If groups are a thing of the past, and the solo artist has again come into prominence, then maybe Neil Diamond's time has come.
It's not that he hasn't achieved success in his field. Once a young kid from Coney Island, turned down by every music publisher in New York, he turned out a string of top-selling singles that fairly rivals John Fogerty, and probably made a lot of music business people wish they had listened earlier. He set out to conquer the industry, and he did it. First as a writer, then as a singer of his own material.
Diamond has always aimed at a fairly teenybop audience. And, now he isn't satisfied. He wants to be an artist. Since, presumably, no one is an artist on 45s, and since his albums have never been more than assemblages of singles that made it and singles that didn't, he's tried something different with his last two albums. One was successful, and one wasn't. I doubt that either will afford him recognition beyond which he holds. But, maybe.
His latest album, Tap Root Manuscript, is a half step at being Artistic.
Side One is the usual a couple of dynamite singles and a couple of not-so-hot singles. "Cracklin' Rosie," which made it to number one nationally, is excellent Neil Diamond. Named after the wine of the same name ("Cracklin' Rose, you're a store-bought woman") Rosie's a good chick. Diamond isn't afraid to throw in a little early-Sixties schmaltz. He has thoroughly bypassed, or ignored "rock" progressive or otherwise. He's chosen to go ahead with straight pop. But, two things set him apart from, say, Bobby Vee. One is that he has a really knockout voice once it might have been called a "strong baritone." And two, he's deeply involved with the music he writes.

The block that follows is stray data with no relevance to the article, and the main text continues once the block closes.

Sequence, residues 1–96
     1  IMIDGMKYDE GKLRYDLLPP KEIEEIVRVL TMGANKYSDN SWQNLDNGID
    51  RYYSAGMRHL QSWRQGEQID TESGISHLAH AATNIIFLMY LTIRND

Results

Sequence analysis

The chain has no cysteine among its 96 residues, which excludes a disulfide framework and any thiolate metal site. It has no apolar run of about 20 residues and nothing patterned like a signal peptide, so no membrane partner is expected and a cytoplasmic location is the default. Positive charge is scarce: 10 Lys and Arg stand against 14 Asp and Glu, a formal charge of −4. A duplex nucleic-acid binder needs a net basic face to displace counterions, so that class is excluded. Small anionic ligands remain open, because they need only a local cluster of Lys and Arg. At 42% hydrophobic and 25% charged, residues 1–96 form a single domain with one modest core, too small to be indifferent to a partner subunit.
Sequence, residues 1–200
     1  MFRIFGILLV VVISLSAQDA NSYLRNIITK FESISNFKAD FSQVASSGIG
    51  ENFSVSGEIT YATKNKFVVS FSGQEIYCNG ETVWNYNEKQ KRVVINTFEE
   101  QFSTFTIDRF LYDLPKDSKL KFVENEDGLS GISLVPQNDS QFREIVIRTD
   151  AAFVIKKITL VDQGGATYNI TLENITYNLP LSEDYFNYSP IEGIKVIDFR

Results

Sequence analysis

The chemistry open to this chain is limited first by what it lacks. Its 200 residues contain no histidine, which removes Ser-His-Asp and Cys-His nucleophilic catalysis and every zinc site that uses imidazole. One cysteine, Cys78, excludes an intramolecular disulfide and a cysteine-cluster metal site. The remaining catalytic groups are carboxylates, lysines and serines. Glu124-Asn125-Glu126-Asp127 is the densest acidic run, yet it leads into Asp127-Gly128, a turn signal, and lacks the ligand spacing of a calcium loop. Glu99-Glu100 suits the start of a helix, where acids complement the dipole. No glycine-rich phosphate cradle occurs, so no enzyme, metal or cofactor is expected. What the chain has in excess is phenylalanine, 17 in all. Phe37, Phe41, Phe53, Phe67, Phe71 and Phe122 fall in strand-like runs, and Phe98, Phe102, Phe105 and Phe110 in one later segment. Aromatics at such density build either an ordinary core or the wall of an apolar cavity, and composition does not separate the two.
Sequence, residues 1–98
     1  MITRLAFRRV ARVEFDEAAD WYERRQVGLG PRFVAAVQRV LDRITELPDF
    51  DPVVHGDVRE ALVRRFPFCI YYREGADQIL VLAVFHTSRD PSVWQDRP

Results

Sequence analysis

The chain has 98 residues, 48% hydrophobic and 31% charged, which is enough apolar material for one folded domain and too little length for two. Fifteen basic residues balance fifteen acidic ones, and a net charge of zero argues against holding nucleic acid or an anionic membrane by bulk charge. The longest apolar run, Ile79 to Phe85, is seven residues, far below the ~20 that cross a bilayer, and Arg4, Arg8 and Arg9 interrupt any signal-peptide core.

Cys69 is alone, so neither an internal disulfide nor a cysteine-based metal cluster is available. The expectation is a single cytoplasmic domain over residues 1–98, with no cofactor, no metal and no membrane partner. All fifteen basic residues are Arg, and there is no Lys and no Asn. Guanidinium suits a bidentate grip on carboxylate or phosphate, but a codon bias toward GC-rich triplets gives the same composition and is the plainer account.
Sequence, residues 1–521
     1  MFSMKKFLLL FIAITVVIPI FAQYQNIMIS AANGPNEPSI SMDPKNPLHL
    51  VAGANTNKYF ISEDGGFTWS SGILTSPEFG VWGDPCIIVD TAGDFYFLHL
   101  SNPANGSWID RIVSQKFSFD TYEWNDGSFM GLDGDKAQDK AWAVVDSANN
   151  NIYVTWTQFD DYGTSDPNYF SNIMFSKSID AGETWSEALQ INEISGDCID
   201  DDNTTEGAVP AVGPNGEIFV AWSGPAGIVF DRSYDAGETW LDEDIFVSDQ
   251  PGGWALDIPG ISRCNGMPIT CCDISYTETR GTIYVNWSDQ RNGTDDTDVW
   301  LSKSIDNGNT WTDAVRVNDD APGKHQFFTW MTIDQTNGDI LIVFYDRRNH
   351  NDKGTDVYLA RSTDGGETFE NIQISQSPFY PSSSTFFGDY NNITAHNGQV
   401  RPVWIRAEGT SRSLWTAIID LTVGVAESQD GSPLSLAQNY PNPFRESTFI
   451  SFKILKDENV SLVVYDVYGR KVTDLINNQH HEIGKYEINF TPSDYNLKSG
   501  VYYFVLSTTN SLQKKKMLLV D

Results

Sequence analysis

"He Ain't Heavy...He's My Brother," one of the only songs Diamond has recorded that he didn't write, is a good example of the straight-on soul that Neil Diamond can sing. "Free Life" is another good cut, although it hasn't made it on Top-40. "Done Too Soon" is one of the duds. Reminiscent of Paul Simon's "A Simple Desultory Phillipic," it's just a rhyming list of famous, groovy people who were ahead of their time done too soon.
Side Two is the Artistry, open to question. This is The African Trilogy (a folk ballet). It's a varied and ambitious work. Here is the written introduction:
"When rhythm and blues lost its sensuality for me I fell in love with a woman named gospel. We met secretly in the churches of Harlem and made love at revival meetings in Mississippi.
"And loving her as I did. I found a great yearning to know her roots. And I found them. And they were in Africa. And they left me breathless.
"The African triology is an attempt to convey my passion for the folk music of that black continent."
I know you're laughing. The strange thing is, it's not that bad a piece of music. It's certainly far less pretentious than its introduction. The worst of it has been identified as: